Dutton: Lack of Lowndes title 'tears me apart'

  • Virgin Australia Supercars Championship
  • |
  • 16/07/2018
  • By Stefan Bartholomaeus

Crediting Craig Lowndes as the catalyst for Triple Eight’s Supercars success, manager Mark Dutton says it ‘tears me apart’ that the veteran has not won a title with the squad.

Lowndes announced earlier this month in Townsville that he will retire from full-time driving at the end of the current season, but continue with the Holden team as a co-driver.

The 44-year-old won the championship in each of his first three seasons between 1996 and '99, driving for Tom Walkinshaw’s Holden Racing Team.

After a number of tough campaigns – including stints at Gibson/00 Motorsport and Ford Performance Racing – Lowndes switched to Triple Eight in 2005.

Although enjoying five Bathurst 1000 victories with the team, he’s yet to win a championship with Triple Eight, despite finishing fourth or better in 12 of his 13 seasons.

The fan favourite is currently fifth in the 2018 standings, 431 points down on leader Scott McLaughlin, and not without hope of that elusive fourth crown.

Dutton says Lowndes telling his crew of his impending retirement on the Friday morning in Townsville was an emotional scene, but a motivating one for all involved.

“Most people in the team weren't across it, so everyone in the team stepped up and really wanted to put their heart on their sleeve and say 'let's go hard’,” he said.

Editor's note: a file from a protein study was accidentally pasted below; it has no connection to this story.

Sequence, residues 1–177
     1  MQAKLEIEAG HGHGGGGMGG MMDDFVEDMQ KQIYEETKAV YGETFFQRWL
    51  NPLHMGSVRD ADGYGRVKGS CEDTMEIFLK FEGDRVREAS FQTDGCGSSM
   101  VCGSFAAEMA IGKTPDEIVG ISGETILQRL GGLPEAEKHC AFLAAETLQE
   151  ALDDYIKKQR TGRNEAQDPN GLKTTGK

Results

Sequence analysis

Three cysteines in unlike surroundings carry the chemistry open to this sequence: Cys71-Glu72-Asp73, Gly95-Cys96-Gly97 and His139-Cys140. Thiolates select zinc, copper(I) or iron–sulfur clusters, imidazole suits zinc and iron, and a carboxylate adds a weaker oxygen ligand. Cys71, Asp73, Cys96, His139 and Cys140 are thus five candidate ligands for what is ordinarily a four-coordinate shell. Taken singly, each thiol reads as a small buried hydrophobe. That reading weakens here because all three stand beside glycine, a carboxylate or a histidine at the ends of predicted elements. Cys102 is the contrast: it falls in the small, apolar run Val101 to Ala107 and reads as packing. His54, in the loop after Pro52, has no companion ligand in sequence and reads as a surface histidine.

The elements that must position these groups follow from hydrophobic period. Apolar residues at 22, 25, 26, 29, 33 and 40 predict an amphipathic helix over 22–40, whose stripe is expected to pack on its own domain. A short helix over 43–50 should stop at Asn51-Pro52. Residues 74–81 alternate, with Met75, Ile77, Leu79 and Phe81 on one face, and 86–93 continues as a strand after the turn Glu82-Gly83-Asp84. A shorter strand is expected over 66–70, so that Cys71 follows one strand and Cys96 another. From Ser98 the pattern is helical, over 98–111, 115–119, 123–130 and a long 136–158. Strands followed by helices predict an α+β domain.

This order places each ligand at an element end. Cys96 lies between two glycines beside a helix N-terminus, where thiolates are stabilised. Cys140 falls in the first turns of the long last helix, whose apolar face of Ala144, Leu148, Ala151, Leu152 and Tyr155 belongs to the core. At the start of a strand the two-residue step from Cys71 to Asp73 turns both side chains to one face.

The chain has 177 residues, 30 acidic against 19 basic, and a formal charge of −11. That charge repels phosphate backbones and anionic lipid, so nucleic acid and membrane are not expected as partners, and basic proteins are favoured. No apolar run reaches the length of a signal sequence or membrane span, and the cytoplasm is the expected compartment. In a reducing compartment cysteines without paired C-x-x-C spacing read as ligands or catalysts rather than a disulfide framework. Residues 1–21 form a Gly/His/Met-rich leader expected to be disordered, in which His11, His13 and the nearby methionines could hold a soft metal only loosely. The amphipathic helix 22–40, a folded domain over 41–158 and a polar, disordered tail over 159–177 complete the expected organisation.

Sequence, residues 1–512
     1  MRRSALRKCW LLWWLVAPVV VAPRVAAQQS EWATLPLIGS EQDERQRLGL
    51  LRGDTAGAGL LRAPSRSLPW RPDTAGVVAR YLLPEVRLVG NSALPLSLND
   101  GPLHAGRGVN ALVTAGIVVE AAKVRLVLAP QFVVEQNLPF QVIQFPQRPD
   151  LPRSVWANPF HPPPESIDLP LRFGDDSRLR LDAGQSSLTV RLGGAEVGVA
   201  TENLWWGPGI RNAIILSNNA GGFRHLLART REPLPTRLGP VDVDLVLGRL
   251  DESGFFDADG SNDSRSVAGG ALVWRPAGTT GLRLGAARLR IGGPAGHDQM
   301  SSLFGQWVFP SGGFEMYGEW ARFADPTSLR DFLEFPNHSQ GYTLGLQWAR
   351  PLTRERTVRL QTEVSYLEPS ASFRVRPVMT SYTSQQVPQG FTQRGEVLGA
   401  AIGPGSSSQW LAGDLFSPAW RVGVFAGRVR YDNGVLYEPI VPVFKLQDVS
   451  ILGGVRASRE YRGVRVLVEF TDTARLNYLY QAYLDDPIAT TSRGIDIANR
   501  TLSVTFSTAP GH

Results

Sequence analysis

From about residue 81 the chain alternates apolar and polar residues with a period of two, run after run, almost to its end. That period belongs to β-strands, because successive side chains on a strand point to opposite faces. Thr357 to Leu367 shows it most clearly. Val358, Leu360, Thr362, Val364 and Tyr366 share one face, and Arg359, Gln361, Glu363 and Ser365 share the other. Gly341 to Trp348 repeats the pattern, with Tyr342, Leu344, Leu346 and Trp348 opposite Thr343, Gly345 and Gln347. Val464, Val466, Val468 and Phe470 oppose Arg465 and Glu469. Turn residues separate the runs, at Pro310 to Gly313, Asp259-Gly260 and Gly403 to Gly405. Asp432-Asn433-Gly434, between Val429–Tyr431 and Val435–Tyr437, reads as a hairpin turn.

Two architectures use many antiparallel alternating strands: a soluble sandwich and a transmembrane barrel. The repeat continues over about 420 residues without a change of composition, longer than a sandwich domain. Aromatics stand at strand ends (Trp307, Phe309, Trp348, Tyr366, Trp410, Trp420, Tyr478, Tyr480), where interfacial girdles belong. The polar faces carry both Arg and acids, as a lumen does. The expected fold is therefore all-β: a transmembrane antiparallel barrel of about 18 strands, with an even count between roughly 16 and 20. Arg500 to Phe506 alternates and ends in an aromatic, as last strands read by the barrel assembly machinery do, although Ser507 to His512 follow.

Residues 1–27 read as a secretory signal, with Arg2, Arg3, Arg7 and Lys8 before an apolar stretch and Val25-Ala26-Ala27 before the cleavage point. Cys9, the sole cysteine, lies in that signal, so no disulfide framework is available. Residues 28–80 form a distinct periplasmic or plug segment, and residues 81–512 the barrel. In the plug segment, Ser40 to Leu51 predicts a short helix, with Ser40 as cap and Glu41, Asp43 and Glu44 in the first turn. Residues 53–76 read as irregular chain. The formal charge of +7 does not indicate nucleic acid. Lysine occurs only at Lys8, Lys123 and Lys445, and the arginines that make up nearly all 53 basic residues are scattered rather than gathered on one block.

“We've been going hard all year, but we're going to step it up.

“Everyone respects him. It would be a dream come true to give him a championship in his final full-time drive.

“That's the only thing we haven't been able to give him in his time with Triple Eight, and it tears me apart that we haven't been able to give him that.

“We'll be working hard all year. There are numbers that make it very difficult, but we don't worry about that. We'll go hard and it will sort itself out.”

Dutton is a stalwart of Triple Eight, having worked at Briggs Motor Sport before Roland Dane and his partners bought and rebranded the squad in late-2003.

Paul Radisich was the team's top driver in 2004 in 19th in the standings, before Lowndes took its first win and finished second in points the following year.

Lowndes helped turn Triple Eight into winners Lowndes helped turn Triple Eight into winners

“We were the little engine that could, were were a small team trying to be legit, trying to get some trophies," reflected Dutton.

"Even when we went from Briggs to Triple Eight, we were still nobodies.

“When Craig joined the team, it was a massive leap of faith from him.

“It gave us a level of respect straight away in the paddock, that someone of his stature would join the team.

“It was a pretty proud moment when you're a small team that hadn't had much success, to then get that person.

“Everyone stepped up at the time, and wanted to work harder and harder to show that he made the right call. It definitely was a turning point for Triple Eight.

“I don't think we'd be where we are without him being part of the team at all.”

Dutton and Whincup, pictured in 2013 Dutton and Whincup in 2013

Dutton has been the team manager at Triple Eight since 2014, promoted from race-engineering duties on Jamie Whincup’s car.

Whincup and Dutton won the 2008, ’09, ’11, ’12 and ’13 titles together, edging out Lowndes on three of those occasions.

When reminded of that fact, Dutton added: “Believe it or not, we've always worked together. We've always been tight knit.

“I never kept anything away from [the other car]… people do, don't worry, in other teams.

“But I don't think I can take any of that credit [for Whincup’s titles], I was just a cog in the machine.”

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